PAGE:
I’m sure that you’ve noticed that there is not a shortage of “celebrations” of Billie Holiday’s 100th birthday. Reissues and tributes from vocalists to pianists are as ubiquitous as stories on Bruce Jenner. This 2 cd set from Uptown Records is just about the only thing you need to pay attention to as far as anything “new” coming out. Culled from various concerts, TV shows and broadcasts, these well re-mastered recordings find Lady Day in surprisingly strong form and in a variety of musical settings that display her versatility.
While she’s best known as a “blues” singer and a prime deliverer of desultory ballads, what comes across on these sessions is her inherent ability to swing. Her ability to take a lyric and inflect it or play with its accent is found on almost every song here. As one of the announcers says, “Let Billie herself show you what she does,” and she does wonders at a 1948 show at the Shrine in LA with Bobby Tucker/p, John Levy/b and Phil Haver/dr with a playful “You’re Driving Me Crazy” and a harrowing and haunting “Strange Fruit” as well as a rarely heard read of “I Wonder Where Our Love Has Gone.” A broadcast with Red Norvo’s all Stars with Jimmy Rowles/p and a hip Neal Hefti/tp bebop with delight on “Bop!” and the team joins with Holiday’s trio for playful and insouciant versions of “Miss Brown to You” and “Them There Eyes.”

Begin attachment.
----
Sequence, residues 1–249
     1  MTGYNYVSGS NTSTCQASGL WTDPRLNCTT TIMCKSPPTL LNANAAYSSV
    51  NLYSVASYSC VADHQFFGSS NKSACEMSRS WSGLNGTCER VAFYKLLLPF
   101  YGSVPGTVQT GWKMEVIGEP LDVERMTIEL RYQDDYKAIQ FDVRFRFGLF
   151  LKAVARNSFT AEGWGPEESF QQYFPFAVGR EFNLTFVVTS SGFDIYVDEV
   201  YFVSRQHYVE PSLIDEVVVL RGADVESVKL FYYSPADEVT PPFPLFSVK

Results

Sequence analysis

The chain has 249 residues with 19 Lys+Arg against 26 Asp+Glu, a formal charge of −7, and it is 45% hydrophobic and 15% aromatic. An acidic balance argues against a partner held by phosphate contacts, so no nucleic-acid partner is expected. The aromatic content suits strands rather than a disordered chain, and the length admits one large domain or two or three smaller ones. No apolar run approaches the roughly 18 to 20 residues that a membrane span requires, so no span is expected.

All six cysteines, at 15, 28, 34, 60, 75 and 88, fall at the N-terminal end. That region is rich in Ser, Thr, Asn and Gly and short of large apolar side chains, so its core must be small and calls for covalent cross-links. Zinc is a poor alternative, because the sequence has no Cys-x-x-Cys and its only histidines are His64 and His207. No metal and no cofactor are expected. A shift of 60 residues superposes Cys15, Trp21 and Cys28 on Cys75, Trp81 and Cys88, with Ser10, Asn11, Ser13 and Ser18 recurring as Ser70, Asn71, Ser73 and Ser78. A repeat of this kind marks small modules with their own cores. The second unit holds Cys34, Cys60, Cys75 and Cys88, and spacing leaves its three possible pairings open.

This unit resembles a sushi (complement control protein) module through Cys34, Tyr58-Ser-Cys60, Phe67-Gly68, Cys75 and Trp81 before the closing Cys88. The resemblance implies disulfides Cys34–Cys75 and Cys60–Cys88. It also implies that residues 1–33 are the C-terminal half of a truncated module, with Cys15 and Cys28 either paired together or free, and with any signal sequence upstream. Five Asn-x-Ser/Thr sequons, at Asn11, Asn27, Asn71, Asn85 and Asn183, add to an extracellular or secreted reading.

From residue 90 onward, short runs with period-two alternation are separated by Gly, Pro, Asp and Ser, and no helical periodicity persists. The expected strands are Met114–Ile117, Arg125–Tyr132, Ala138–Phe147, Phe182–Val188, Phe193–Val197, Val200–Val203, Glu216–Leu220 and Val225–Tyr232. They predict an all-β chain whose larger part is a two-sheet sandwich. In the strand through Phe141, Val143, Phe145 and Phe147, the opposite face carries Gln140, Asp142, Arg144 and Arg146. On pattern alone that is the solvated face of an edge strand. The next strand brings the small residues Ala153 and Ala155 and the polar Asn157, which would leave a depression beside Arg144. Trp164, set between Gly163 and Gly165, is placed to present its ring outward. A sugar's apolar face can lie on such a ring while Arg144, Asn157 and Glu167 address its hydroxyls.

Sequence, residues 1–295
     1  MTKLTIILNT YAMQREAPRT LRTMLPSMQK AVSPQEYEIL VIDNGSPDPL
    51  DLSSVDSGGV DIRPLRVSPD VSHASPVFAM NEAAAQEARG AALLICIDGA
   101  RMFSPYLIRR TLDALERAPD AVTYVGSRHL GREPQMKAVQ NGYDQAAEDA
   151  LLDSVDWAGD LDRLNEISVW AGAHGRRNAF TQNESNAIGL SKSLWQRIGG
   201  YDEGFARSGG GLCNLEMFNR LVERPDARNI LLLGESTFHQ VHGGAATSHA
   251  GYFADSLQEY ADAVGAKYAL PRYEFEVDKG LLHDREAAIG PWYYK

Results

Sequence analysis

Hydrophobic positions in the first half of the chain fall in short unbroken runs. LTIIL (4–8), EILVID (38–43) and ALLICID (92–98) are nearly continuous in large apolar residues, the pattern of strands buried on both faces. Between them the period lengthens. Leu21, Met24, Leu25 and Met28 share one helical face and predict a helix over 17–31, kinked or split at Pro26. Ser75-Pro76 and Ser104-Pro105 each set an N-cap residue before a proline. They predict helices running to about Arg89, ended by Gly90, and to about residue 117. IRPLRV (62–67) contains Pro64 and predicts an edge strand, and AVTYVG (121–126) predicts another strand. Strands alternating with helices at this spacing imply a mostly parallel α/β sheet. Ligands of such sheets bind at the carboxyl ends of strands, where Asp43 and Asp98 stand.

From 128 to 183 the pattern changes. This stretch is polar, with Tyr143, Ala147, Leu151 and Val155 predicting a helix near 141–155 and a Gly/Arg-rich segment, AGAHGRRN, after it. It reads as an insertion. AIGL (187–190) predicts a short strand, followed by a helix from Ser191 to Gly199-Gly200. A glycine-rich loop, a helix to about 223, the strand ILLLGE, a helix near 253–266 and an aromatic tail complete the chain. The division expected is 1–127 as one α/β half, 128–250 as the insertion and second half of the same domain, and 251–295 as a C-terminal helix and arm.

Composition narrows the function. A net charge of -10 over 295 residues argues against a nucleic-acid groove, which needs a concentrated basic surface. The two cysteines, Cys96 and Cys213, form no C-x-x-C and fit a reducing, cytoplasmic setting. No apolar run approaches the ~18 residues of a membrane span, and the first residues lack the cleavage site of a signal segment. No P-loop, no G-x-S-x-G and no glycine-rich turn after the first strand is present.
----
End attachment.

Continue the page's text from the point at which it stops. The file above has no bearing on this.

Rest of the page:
The second disc is a panoply of various appearances, with a pair of duos with Carl Drinkard/p serving up a deeply intimate take of “Lover Man” in 1951. A show from Belgium in ’54 with Carl Drinkard/p, Red Mitchell/b and Elaine Leighton/dr has her in a buoyant mood throughout with bouncy reads of “Them There Eyes,” “All of Me” and “What A Little Moonlight Can Do” swinging like a gate. Jimmy WOode/b and Marquis Foster/dr do some replacing for a Boston show the same year with a lovely “Tenderly” and thoughtful “Willow Weep For Me.”
Did you know Holiday was on the Steve Allen TV Show? Where has our culture gone? She’s wonderful on “Please Don’t Talk About Me When I’m Gone” as Allen interviews her about her latest album and her recently (1956) autobiography. She is with Corky Hale/p, Jules Bertaux/b and Bob Neel/dr on a liltingly bluesy read of “I Love My Man” and even just two years before her death she has no hints of vocal decline with Paul Quinichette’s Prezly tenor, Carl Mark/p, Sam Saffini/b and Dominic Simonetta/dr on a vulnerable “Good Morning Heartache” and rarely performed “You Better Go Now.”
There is an accompanying booklet that’s chock full of vintage pictures and information of this period of Holiday’s career. This set is NOT just for collectors, but for anyone who wants to hear the artist apart from the legend. Timeless art served on a pair of discs.